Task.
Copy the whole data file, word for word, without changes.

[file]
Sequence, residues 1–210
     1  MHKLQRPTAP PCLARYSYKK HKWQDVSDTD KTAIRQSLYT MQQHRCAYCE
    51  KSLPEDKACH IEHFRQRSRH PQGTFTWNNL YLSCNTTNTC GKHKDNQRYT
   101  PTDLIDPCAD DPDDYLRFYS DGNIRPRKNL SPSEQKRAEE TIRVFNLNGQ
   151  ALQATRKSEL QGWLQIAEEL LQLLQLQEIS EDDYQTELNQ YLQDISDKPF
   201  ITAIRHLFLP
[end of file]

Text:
Sequence, residues 1–210
     1  MHKLQRPTAP PCLARYSYKK HKWQDVSDTD KTAIRQSLYT MQQHRCAYCE
    51  KSLPEDKACH IEHFRQRSRH PQGTFTWNNL YLSCNTTNTC GKHKDNQRYT
   101  PTDLIDPCAD DPDDYLRFYS DGNIRPRKNL SPSEQKRAEE TIRVFNLNGQ
   151  ALQATRKSEL QGWLQIAEEL LQLLQLQEIS EDDYQTELNQ YLQDISDKPF
   201  ITAIRHLFLP